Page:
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One-Stop Workshop

One-Stop Workshop
Photo Source: Paul Hawthorne/Getty Images
When "Other Desert Cities" opens in December at Lincoln Center's Mitzi E. Newhouse Theater in New York, it will signal the return of Jon Robin Baitz, who left the theater world for a few years for the small screen and his creation, ABC's "Brothers & Sisters." But before that happens, Baitz is fine-tuning his latest play with a workshop performance this week at the Ojai Playwrights Conference—a path Baitz took twice before, with "The Paris Letter" and "Chinese Friends." A public reading of "Other Desert Cities" is featuring Mary McCormack ("In Plain Sight," "The West Wing"), Holland Taylor ("Two and A Half Men"), Concetta Tomei, and Thomas Higgens.

Baitz considers the workshop process a valuable tool leading up to a full-scale production, and he likes the fit of Ojai, thanks in large part to its producer and artistic director, Robert Egan. "Robert and I started working together 22 years ago," Baitz says. "He directed 'The Film Society' at the L.A. Theatre Center. Any chance you can get to work on a play before you're actually doing the production of it I think is really useful. It's not pleasant to rewrite a play during rehearsal for the actors or the playwright or the director, so workshops can serve as a place to work out what the play looks and sounds like, and you can get a lot of work done. I love Ojai. Since having worked there, I have gone up quite a bit to write."

From inception, through a workshop, and up to opening night, Baitz considers the evolution of his plays a collaborative effort—even during the times when the collaborators are only in his head. That's because he tends to write parts with actors in mind. His best-known pairings are with Ron Rifkin, who starred in Baitz's "The Substance of Fire" and "The Paris Letter," and Nathan Lane, who worked with Baitz in "The Film Society" and "Mizlansky/Zilinsky or Schmucks." Baitz also had Donald Sutherland in mind for "Ten Unknowns."

"Most often I usually write for actors, but there could be one of three or four for a part," Baitz explains of his process. "But I know the sort of temperature of the actor I'm looking for. I have a sense of what certain actors can do and what they sound like. They are instruments. They have a kind of music to them, and they all have different music. So it's important to have a relationship with lots of different actors. I didn't work that way at first, but as I built relationships with actors, that started to develop. I wish there were another way [to cast] than auditions, because often the best actors don't audition well."

Though the New York cast for "Other Desert Cities" has not been announced, Baitz says he followed his usual pattern of writing with actors in mind, and allowed their voices—or music, as he put it—to help transform the characters. That process that helped influence his decision a couple of months ago to move "Other Desert Cities" from a larger Broadway venue to the Mitzi E. Newhouse Theater.

"There is a trend for Broadway productions based on stars," he says. "I just wanted to be able to concentrate on the play and let the chips fall where they may and find the most right actor, no matter who that is—not necessarily a star. This is my return to producing plays, and I didn't want it to be defined by commercial factors."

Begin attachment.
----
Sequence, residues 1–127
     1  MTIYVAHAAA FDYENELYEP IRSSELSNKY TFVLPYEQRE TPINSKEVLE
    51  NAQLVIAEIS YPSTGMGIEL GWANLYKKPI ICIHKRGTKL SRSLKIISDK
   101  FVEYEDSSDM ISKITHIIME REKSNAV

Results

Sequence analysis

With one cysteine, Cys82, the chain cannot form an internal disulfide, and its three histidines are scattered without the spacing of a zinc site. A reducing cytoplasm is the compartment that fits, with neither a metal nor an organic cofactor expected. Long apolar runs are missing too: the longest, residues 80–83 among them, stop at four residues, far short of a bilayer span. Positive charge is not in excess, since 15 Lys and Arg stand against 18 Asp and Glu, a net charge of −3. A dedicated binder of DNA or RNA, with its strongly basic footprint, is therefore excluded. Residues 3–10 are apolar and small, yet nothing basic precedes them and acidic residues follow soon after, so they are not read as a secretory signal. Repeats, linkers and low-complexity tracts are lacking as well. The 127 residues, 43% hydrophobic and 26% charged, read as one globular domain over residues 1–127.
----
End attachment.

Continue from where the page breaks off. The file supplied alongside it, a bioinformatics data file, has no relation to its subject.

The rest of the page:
As for the Ojai workshop, the actors may not be the ones he imagined when writing the play, but they still were carefully chosen. "There is a complicated alchemy to casting," he says. "Sometimes with a workshop, the actors might be too young or too old for the parts, but that's the least of the concerns. The question is, Are they teaching you something? Actors are seldom wrong. That's been my experience over the 25 or 30 years or writing plays. If that's the case, then you have to cast the right actors at workshop.

"Holland Taylor is someone with tremendous talent who I trust, and I hear her clearly in my head," he continues. "Mary McCormack, who is one of my dearest friends, has exactly the right temperature. It's not so much having the exact person. You need a group of people who have the right kind of intelligence. These are actors that I believe know my idiosyncrasies as a playwright and how to use those idiosyncrasies in performance. 'The Paris Letter' had a number of different people in workshops, and I learned from all of them. If you cast capable, intelligent, inventive, generous actors who bring something to the table, you definitely learn quite a bit.

And what does Baitz get from a workshop that he can apply toward a production? It depends on the play. "I actually think those Q&A sessions are of no use whatsoever," he admits. "But it's a development thing that's useful for audiences. It gives them the sense they are participating. But it's a closed circle between you, the director, and the cast. I'm not saying the audience can't tell you anything, but I'm not interested in their dramaturgy, so to speak.

As for this session at Ojai, he says, "This play I have been working on quite a bit, so I'm not going to do too much to it. In the past I've rewritten massively. And sometimes it's an opportunity to cut. When I did 'Paris Letter' at Ojai, there were a series of long interstitial monologues Ron Rifkin did playing a psychiatrist. They ended up being a play within the play. They were compelling, but I realized they stopped the flow. And I cut a lot based on that workshop."

Even though Baitz doesn't expect major changes between the workshop of "Other Desert Cities" and its December opening, he admits to never knowing what will happen. "Actors are constantly surprising me," he says. "And I love that."

To learn more about the Ojai Playwrights Conference, which continues this week, visit  To learn about the premiere of "Other Desert Cities," visit

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